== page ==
It is frequently triggered by a vivid imagination, which is not always caused by something physical but rather by something psychological. And the wrong approach can aggravate the situation. It could even result in death in the worst-case scenario.

The key to dealing with panic is to learn to embrace it and relax. Try to transform the negative feeling into something positive. Avoid making rash decisions. Just keep in mind that it is a temporary state of mind, so try to work your way through it without making a mountain out of an anthill.

Control your breathing and try to control your fear/panic by thinking positive thoughts. Take deep breaths and exhale slowly. Remove yourself from the situation that is giving you that uneasy feeling.

Fear/panic causes people to make irrational decisions that can have serious consequences. Only a fool is never afraid, as the saying goes. Nobody has ever died because they had a healthy respect for something.


depression during survival scenarios

Make no mistake: depression can be lethal. Almost all of the psychological disorders mentioned thus far can lead to depression. These psychological disorders can also be caused by depression.

Depression is a negative state of mind, and no matter how difficult it is (and it will be extremely difficult), it is critical that you do everything possible to reverse that state of mind.

Depression can cause you to do irrational things that you will later regret. For instance, if something isn’t working properly, you could smash it up, which you’d later regret. You could also hurt yourself.

As I previously stated, depression is a difficult mental state to overcome, and once there, you appear to be trapped in a dark spiraling tunnel with no way out. Everything seems to be conspiring against you. The consequences of this mental state can be disastrous. This is a psychological state you must overcome quickly.


Fatigue is frequently thought to be a state of physical exhaustion or tiredness. It can, however, be attributed to mental attitude.

All of the negative aspects of being alone and having to deal with a situation you did not choose can be physically and mentally exhausting, leading to a state of mental fatigue.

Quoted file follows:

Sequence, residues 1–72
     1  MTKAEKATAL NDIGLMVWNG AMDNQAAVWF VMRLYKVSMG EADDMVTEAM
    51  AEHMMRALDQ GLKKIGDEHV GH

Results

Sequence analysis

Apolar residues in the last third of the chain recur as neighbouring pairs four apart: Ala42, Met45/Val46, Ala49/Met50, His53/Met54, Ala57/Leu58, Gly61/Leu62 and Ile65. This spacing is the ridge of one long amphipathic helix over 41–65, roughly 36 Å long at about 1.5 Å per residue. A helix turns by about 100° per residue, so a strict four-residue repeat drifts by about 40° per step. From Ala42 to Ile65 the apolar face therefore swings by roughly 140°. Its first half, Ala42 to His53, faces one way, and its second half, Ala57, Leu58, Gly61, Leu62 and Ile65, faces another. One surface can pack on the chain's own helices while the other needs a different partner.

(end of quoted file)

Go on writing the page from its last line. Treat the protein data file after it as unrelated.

The key here is to avoid overdoing it physically and to try to distract yourself from negative thoughts.

Sleep is essential in a survival situation, so make sure you have a good shelter and something comfortable to sleep on to keep your mind clear.


LostWaysB2This can be extremely demoralizing and, if not addressed promptly, can lead to the silent killer, hypothermia.

This is a potentially fatal condition that, in its early stages, can impair judgment and cause you to make irrational decisions. Being cold will also prevent you from sleeping, and lack of sleep can lead to poor decision-making. Determine the need for a shelter to protect you from the elements and start a fire.

I’ve discussed how we can use the mind to reverse a negative psychological action, but there is one physical thing we can do as well. That, my friends, is fire. We have used the ability to light a fire to our advantage since early humans discovered it. We can use it not only for physical purposes but also as a psychological moral booster to help us deal with many of the mental issues that may arise during a survival situation.


Be under no illusions: thirst is a serious mental illness as well as a physical killer. Make every effort to find water and keep what you find. Do not dismiss the need to filter and treat it appropriately. Drinking contaminated/dirty water may quench thirst, but it may also cause a debilitating stomach illness.


Hunger, like any of the psychological disorders, can be crippling. Although most of us carry enough fat to last several weeks, hunger is the body’s way of saying it needs fuel even though it has plenty on hand.

Because we are so accustomed to eating frequently and snacking in between, our bodies become accustomed to a constant supply of fuel. It consumes what it desires, stores what it cannot consume, and discards the remainder.

This will have to change in a survival situation unless you are extremely fortunate and find yourself in an area with an abundance of food. Cravings for food may cause you to eat foods you would normally avoid in order to avoid feeling hungry.

Unfortunately, if those things are poisonous, this can have serious consequences. If you have food with you or plants nearby that you know are edible, don’t eat everything at once. Ration your food. A little bit at a time will be more beneficial than eating it all at once. Your body will adjust to the new routine over time.


pain in the wilderness

The pain you feel is your body’s way of alerting you that something is wrong. It’s a survival mechanism meant to make you stop and avoid further harm. Adrenaline frequently kicks in after a bad accident, and we feel no pain because it masks it. However, when it does kick in, take action. In a survival situation, first aid is a top priority because an untreated wound has the potential to worsen into something more serious.


Maintaining a positive mental attitude can mean the difference between life and death in a survival scenario. In a survival situation, don’t be afraid of loneliness, fear, panic, or any of the other psychological influences you might encounter.

Accept them and turn them into a positive attitude. With the right mindset, you can create a positive outlook on even the worst-case scenario. And survival is all about making the best of a bad situation.

Other Useful Resources:

Knowledge to survive any medical crisis situation

Cold Injuries Management and Succesful Treatment

The realities of food shortage during a crisis

Staying outside longer during the winter months